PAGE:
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Mission Products v. Tempnology: SCOTUS Holds that Rejection of Trademark License in Bankruptcy Does Not Terminate the Right to Use the Mark

On May 20, 2019, the U.S. Supreme Court held by a vote of 8-1 that a trademark licensor’s rejection in bankruptcy of a trademark license does not terminate the licensee’s right to use the licensed mark. Mission Products Holdings, Inc. v. Tempnology, LLC, No. 17-1657, 587 U.S. ___ (2019). In so holding, the Court resolved a circuit split on the issue. The Court reversed the decision of the First Circuit, which held that Tempnology’s rejection of a trademark license under the Bankruptcy Code had the effect of terminating Mission Products’ right to use the licensed marks. The Court expressly affirmed the reasoning of the Seventh Circuit in Sunbeam Products, Inc. v. Chicago Am. Mfg., LLC, 686 F.3d 372 (7th Cir. 2012), and held that rejection of a trademark license constitutes a pre-petition breach of the license agreement but does not otherwise terminate the licensor’s and licensee’s rights and obligations under the license agreement.

The Court’s opinion, authored by Justice Kagan, considered section 365 of the Bankruptcy Code, 11 U.S.C. §365. Specifically, the Court considered section 365(a), which permits a debtor in bankruptcy to reject any executory contract 1, and section 365(g), which provides that the debtor’s rejection “constitutes a breach of such contract.” 11 U.S.C. §365(a), (g).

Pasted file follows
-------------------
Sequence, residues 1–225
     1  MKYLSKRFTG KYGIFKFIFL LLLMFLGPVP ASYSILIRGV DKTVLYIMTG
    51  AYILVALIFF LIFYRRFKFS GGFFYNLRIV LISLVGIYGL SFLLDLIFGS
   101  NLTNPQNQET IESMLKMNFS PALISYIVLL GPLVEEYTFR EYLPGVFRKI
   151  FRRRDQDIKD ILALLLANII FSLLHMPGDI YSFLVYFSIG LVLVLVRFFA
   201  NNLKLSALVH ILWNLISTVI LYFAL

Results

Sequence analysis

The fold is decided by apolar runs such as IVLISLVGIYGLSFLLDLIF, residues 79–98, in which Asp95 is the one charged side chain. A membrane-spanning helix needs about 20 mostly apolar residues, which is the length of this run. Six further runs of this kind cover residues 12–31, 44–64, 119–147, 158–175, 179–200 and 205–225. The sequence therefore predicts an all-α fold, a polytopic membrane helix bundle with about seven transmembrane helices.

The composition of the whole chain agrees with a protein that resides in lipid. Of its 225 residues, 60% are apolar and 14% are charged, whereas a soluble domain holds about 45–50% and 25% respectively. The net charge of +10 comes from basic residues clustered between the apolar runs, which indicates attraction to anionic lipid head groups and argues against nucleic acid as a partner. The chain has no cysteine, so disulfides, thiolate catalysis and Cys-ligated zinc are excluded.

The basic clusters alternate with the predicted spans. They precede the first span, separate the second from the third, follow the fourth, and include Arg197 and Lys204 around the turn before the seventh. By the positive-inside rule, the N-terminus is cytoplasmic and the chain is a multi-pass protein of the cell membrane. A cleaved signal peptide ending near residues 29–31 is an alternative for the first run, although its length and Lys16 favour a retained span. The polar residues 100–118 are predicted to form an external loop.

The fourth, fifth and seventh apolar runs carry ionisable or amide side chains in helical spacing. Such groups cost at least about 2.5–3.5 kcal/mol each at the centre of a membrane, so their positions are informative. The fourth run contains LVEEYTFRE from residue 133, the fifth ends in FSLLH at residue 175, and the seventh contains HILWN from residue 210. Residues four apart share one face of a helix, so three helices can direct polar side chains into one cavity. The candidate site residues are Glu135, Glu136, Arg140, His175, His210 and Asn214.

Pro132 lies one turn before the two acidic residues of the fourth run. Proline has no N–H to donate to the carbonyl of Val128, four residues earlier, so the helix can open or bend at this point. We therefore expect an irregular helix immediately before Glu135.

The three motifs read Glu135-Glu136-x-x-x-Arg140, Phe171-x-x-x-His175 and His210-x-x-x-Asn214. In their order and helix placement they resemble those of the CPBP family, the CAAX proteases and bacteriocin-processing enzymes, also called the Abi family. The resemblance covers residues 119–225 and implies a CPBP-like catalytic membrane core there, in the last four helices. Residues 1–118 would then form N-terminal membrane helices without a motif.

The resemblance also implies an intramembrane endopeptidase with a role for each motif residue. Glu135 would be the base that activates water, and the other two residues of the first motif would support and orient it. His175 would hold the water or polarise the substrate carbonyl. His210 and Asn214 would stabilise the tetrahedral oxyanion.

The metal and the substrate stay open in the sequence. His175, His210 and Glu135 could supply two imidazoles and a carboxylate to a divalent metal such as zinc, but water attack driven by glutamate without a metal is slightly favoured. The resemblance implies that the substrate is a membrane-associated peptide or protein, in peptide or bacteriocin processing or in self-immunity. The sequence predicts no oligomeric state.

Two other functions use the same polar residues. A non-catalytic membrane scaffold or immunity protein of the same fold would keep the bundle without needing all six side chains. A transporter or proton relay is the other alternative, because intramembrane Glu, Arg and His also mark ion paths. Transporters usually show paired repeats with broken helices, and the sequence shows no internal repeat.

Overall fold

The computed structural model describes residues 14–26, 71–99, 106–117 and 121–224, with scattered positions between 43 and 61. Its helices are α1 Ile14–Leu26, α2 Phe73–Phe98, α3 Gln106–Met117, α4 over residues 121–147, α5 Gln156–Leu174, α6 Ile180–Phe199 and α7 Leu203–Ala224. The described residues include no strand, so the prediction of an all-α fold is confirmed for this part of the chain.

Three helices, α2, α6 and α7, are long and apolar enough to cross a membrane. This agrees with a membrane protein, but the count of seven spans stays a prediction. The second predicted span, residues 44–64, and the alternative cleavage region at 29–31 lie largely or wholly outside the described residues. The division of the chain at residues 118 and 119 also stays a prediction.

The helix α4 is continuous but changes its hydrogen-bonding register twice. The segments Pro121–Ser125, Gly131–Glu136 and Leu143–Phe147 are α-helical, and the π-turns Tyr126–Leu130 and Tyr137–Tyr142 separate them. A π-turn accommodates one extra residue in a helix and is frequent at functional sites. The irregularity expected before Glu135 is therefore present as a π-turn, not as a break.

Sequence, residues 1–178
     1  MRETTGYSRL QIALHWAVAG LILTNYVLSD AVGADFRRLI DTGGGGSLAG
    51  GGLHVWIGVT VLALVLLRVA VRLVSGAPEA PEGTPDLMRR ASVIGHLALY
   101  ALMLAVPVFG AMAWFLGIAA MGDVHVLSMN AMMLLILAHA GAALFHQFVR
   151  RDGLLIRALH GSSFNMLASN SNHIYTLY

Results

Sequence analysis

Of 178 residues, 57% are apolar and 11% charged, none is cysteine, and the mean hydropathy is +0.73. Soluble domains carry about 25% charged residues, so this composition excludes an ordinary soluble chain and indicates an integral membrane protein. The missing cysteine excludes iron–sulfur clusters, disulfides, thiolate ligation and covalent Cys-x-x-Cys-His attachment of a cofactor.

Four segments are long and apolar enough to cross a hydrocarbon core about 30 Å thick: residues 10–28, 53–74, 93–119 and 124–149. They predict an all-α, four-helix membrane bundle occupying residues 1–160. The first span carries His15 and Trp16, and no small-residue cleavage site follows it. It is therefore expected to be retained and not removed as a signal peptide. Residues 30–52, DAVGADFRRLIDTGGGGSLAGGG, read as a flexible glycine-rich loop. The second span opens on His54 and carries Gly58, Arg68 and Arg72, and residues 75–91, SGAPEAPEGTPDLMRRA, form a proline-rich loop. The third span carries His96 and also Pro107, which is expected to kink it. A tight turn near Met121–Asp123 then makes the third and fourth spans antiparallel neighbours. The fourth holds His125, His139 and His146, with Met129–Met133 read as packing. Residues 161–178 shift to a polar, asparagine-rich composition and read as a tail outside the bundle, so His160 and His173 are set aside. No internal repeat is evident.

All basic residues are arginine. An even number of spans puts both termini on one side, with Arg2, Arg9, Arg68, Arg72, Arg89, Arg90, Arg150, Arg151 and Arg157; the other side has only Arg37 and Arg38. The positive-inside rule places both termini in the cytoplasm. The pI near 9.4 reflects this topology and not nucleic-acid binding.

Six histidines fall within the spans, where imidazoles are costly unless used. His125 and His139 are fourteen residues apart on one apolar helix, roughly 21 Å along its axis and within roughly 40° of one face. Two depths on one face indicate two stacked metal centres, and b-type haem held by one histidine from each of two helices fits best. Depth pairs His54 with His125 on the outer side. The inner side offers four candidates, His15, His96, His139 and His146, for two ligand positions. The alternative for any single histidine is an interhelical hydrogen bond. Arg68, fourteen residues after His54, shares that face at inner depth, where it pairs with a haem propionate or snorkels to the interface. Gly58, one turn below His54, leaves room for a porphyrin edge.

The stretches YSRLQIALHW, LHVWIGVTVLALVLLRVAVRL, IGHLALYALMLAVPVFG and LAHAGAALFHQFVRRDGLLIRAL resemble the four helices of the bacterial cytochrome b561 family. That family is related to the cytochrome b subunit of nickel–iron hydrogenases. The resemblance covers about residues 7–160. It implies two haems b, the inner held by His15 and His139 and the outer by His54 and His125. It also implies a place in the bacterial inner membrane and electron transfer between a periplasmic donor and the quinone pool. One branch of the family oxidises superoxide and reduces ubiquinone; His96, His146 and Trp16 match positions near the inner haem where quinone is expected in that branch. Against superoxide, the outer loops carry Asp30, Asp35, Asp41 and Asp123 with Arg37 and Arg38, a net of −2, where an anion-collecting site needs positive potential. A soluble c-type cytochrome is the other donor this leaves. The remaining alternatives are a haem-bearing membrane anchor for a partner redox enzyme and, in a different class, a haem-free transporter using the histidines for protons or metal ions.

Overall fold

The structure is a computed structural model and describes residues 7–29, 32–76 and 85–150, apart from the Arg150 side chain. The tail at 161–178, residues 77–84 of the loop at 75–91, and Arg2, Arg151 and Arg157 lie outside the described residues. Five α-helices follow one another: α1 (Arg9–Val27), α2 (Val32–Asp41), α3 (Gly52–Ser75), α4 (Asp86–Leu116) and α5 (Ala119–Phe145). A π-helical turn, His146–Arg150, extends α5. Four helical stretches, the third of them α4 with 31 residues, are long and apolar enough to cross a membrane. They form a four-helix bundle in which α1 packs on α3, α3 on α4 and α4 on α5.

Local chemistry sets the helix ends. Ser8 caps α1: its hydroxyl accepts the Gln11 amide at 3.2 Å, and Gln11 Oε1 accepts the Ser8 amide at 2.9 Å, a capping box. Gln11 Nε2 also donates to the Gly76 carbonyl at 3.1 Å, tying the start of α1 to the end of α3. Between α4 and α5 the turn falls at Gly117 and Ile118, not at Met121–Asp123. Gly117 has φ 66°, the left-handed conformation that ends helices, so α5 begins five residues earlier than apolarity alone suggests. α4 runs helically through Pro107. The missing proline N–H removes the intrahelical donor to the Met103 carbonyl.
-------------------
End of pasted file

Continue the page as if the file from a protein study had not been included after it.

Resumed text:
In this case, the licensor, Tempnology, manufactured clothing and accessories designed to stay cool when used in exercise. Tempnology sold those products under the name “Coolcore” with related logos and labels. Tempnology entered into a license agreement with Mission Products, which granted, among other things, a non-exclusive license to use the Coolcore trademark in the United States and elsewhere. In 2015, less than a year before the license was to expire, Tempnology filed a petition for bankruptcy under Chapter 11 of the Bankruptcy Code. Tempnology exercised its option under section 365(a) to reject the license agreement, as it was still executory, and the Bankruptcy Court approved the rejection. The parties agreed that the rejection had two effects. First, Tempnology could stop performing under the license agreement, and second, Mission Products could assert a pre-bankruptcy petition claim for damages 2